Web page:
From: Marco Cimarosti (
Date: Wed May 17 2000 - 06:34:40 EDT

Antoine Leca wrote:
> Marco Cimarosti wrote:
> > Uppercase should be *V*, and lowercase should be *u*.
> I believe this is not the better way to go for *every* usage.
> I agree this is the way the rendering will look the better, at
> least without
> resorting to outside mechanisms such as John Hudson described.

It is the way to go only if you want to reproduce the traditional typographic appearance of Latin. I would not suggest it for a modern Latin grammar, although I noticed that this spelling is very popular in modern French and German linguistics texts.

> However, other handlings of the text will be probably more
> difficult.
> For example, uppercasing (although it just mean an altered
> table).

As discussed for many other cases on this list (e.g. Turkish i), case folding is language dependent. In this case, it would also be dependent on spelling preferences (traditional vs. modern).

> More problematic to me is the use of the length marks: while u
> with breve and
> macrons are indeed forcasted, V with breve or macron are not,
> so exchange from
> one to the other is likely to be problematic: need to use the
> combining character,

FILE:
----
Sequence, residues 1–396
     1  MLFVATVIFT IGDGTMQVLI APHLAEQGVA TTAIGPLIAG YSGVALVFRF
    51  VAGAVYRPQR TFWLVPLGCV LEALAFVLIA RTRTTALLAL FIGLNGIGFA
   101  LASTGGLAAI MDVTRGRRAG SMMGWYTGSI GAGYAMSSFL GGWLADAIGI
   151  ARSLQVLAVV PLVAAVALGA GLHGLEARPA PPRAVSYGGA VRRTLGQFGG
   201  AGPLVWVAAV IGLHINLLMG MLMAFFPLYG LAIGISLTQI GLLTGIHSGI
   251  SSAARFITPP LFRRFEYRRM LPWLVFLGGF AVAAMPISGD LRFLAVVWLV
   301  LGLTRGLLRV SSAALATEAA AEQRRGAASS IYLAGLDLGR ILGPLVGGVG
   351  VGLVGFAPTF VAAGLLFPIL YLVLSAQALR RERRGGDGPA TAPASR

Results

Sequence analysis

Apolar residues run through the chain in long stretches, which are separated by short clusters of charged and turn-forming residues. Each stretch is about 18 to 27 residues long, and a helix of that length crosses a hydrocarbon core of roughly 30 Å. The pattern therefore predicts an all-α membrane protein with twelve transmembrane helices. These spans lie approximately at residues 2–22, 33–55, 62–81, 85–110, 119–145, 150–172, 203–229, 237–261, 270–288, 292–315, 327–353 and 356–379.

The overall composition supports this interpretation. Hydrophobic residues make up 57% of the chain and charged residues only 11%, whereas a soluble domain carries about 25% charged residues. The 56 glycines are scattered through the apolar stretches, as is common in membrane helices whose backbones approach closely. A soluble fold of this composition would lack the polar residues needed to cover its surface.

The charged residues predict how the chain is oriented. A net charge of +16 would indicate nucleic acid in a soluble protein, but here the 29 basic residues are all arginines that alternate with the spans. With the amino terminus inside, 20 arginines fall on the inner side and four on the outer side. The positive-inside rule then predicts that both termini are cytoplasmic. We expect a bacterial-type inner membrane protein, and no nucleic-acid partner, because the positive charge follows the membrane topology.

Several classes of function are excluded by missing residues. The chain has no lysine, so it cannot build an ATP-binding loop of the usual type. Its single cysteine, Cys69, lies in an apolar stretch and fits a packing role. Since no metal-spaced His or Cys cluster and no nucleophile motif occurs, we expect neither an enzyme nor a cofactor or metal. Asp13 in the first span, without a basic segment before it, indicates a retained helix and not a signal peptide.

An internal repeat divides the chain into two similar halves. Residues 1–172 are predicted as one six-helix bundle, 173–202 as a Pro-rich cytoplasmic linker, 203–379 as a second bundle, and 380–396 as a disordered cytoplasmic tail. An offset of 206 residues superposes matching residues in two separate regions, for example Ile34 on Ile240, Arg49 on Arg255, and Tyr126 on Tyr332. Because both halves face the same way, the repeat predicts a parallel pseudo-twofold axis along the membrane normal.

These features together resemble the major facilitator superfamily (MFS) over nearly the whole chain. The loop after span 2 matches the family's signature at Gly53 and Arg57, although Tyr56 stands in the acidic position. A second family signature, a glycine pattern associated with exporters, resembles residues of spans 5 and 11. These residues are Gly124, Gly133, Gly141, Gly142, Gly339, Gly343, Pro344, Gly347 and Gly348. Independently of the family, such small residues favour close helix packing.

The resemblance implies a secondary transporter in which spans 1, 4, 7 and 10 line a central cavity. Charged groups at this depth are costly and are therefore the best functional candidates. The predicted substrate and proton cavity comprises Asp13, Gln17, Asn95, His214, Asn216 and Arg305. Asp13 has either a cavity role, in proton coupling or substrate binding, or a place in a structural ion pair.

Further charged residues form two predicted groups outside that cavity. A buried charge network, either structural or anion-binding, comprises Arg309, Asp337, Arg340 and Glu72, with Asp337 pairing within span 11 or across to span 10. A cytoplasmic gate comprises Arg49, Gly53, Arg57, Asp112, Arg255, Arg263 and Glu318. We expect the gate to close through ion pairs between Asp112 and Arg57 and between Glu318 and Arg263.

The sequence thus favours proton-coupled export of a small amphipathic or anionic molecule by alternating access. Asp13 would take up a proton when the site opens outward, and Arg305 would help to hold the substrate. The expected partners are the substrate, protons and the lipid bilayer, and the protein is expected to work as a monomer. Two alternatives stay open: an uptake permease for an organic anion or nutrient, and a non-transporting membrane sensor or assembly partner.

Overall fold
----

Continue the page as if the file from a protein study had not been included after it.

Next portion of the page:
> which do complicate the casing process a lot, needless to
> mention processing
> texts where some V's really mean consonants, while other,
> those that are followed
> by combining accents, are vowels...

Well, combining diacritics are there to be used, and application must support them, or they are bogus.

The fact that a particular precomposed letter/diacritic code point exists should be considered a (slightly deprecable) exception, not a sine-qua-non condition to display.

(I am afraid that WC3 are making a major mistake, and setting a really bad predent, with their "early composition").

Moreover, I wonder whether macrons and breves (as well as accents) may be considered as regular features of Latin spelling? I've seen them only on modern dictionaries, grammars, exercise books, etc. And, in these kinds of texts, I would prefer to see the modern distinctions i/j and u/v, which are much more helpful learners.

> PS: the report on the use of v/U is fascinating. Thanks

I hope it is also accurate... I would really like to resume the name of the author of that old proposal, as a starting point for further investigation.

_ Marco
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